You probably got your same-sex voting card in the mail this week. The government also passed legislation to limit hate speech for the ‘no’ and ‘yes’ campaigns. The ABS – the body in charge of sending all the forms out and counting them – are warning social media warriors not to photograph their voting slip, as it has unique barcodes that make sure votes aren’t counted twice or copied. For the story on how Australia got to this moment, read our deep dive here.
About a fortnight ago, the Australian government let around a hundred refugees know that they’d be kicking them out of their accomodation and getting rid of their welfare payment. They had three weeks to become citizens or bugger off. The refugees had come from the off-shore detention centres on Manus Island or Nauru. They were transferred to Australia because they needed medical attention. It’s all part of the Australian governments zero tolerance for people smugglers and those who arrive by boat. This week, the Victorian government has swooped in to save the day, picking up the tab on the refugees.
The United Nations put North Korea in the naughty corner this week, after repeated warnings about their nuclear tests. In order to brutally harm their economy, the UN imposed sanctions on North Korea’s textile exports, and the import of crude oil. In response, North Korea has released statements that are sounding more and more like the work of a disturbed teenage poet. They have threatened to sink Japan and that the US should be ‘beaten to death like a rabid dog’, turning it into ‘ashes and darkness.’ For the history of North Korean relationships and a refresher on our chances for global nuclear war, check out our deep dive here. (Breaking: North Korea has fired a missile, and it’s heading East. That’s all we’ve got at the moment. US and South Korean militaries are investigating.)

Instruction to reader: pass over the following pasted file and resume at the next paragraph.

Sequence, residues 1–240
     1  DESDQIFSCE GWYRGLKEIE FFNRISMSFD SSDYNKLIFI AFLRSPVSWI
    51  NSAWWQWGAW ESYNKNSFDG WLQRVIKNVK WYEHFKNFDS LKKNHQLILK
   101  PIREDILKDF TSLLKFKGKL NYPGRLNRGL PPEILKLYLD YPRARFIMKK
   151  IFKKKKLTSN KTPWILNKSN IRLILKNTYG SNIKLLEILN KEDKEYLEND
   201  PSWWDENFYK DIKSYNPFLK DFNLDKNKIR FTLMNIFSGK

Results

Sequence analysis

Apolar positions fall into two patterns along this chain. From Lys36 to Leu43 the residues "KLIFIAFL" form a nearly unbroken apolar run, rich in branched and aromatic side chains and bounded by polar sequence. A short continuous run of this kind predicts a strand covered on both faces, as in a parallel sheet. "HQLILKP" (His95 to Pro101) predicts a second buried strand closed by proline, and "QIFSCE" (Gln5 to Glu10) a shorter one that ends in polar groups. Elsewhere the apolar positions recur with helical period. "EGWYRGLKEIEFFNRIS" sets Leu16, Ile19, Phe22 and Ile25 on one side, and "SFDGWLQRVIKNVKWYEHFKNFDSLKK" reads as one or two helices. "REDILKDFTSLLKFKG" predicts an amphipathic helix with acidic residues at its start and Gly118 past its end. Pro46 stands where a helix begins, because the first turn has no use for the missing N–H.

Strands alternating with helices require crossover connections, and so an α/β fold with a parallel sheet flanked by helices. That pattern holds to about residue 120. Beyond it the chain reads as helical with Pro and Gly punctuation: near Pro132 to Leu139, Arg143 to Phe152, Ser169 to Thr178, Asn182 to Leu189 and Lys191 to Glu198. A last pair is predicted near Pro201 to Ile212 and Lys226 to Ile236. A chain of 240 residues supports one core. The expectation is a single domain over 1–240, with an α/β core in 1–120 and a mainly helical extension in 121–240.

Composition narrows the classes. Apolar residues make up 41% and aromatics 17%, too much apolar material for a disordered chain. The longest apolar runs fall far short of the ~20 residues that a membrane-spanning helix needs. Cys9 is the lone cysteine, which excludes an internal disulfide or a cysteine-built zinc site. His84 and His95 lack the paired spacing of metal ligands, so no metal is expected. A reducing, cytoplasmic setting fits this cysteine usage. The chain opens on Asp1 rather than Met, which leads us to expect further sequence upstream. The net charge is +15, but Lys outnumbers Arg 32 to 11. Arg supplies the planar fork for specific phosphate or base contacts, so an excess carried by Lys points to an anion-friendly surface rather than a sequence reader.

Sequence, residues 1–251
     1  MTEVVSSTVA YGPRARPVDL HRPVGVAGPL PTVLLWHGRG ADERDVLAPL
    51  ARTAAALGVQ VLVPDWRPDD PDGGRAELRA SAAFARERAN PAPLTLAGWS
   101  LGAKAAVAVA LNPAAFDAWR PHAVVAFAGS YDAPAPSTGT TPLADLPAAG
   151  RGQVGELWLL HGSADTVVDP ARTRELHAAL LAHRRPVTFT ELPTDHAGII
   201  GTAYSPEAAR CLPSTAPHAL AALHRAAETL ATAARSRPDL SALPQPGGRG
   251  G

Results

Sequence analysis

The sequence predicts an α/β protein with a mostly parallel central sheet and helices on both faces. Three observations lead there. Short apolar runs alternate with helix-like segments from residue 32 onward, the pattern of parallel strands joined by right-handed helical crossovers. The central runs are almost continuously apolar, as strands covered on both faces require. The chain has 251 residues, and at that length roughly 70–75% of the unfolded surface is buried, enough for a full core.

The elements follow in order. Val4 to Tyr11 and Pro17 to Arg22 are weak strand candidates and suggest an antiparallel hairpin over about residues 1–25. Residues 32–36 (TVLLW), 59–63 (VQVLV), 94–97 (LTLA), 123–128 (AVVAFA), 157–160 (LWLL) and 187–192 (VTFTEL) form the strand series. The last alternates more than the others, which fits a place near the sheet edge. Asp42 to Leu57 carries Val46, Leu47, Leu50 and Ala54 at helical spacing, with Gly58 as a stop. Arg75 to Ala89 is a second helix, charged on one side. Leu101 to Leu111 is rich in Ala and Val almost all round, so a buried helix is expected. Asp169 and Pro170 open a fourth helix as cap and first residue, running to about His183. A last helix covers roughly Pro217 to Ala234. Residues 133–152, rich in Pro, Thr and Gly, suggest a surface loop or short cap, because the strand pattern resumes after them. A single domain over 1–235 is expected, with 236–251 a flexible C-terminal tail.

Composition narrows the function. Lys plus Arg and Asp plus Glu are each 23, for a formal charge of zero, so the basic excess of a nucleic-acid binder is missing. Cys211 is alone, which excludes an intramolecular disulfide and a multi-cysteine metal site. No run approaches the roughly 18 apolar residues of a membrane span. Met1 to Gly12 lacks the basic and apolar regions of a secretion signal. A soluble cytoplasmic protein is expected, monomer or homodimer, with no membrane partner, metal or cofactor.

It’s been a complex week for Australia and the future of energy. It started when AGL said they were moving away from coal towards cleaner energy futures. In particular, they want to shut down Liddell power station. It’s expensive to run and getting old. But Turnbull’s concerned that if the station closes too early, some Australians will struggle to get their power at peak periods. It’s put more fire under those in Turnbull’s party who want to keep steering towards a coal future – it’s good for jobs and is cheap – also, what do you mean ‘climate change’? This week, the National Party – which forms part of Turnbull’s ‘coalition’ government of the Liberal and National Party (the LNP) – voted to stop subsidising any renewable energy program. It’s not a policy that Turnbull is likely to pick up, but it was enough for him to start changing his language on the matter, saying he was considering all options and didn’t want to rule out coal completely. He suggested the government may not set a Clean Energy Target, despite recommendations by the government’s chief scientist. Turnbull wants to be seen to stand for affordable power, while still pushing renewables, all while keeping his party together. Maybe he should call for a plebiscite about it. We did a deep dive on Australia’s energy policy here.